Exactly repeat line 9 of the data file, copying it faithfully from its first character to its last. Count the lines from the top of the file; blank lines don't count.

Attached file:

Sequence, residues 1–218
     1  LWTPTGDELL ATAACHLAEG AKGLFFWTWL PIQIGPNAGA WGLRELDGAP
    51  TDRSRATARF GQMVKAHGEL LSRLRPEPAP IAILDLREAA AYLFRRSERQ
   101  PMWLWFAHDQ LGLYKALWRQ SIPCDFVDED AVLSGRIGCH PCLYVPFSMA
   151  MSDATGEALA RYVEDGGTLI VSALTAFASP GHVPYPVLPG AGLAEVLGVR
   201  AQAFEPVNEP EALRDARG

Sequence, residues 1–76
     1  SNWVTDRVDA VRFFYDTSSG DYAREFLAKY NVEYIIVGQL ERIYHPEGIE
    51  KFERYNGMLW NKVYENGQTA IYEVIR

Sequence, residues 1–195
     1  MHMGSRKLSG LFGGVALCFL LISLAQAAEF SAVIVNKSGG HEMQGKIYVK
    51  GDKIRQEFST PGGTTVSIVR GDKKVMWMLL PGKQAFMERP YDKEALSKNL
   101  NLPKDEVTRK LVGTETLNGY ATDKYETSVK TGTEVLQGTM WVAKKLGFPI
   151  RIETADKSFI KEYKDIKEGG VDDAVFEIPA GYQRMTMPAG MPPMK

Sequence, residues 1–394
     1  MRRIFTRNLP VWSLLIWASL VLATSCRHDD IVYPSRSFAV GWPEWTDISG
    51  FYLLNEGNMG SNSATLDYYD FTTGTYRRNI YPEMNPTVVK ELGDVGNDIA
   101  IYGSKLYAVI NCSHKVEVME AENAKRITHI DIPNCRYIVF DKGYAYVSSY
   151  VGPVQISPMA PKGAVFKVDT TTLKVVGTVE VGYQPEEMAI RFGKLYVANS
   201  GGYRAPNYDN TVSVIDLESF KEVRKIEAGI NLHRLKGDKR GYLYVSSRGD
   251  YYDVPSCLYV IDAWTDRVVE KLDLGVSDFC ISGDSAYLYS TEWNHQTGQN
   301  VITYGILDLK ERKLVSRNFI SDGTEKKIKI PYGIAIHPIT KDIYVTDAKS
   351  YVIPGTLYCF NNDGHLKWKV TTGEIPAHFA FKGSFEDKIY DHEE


    51  KFERYNGMLW NKVYENGQTA IYEVIR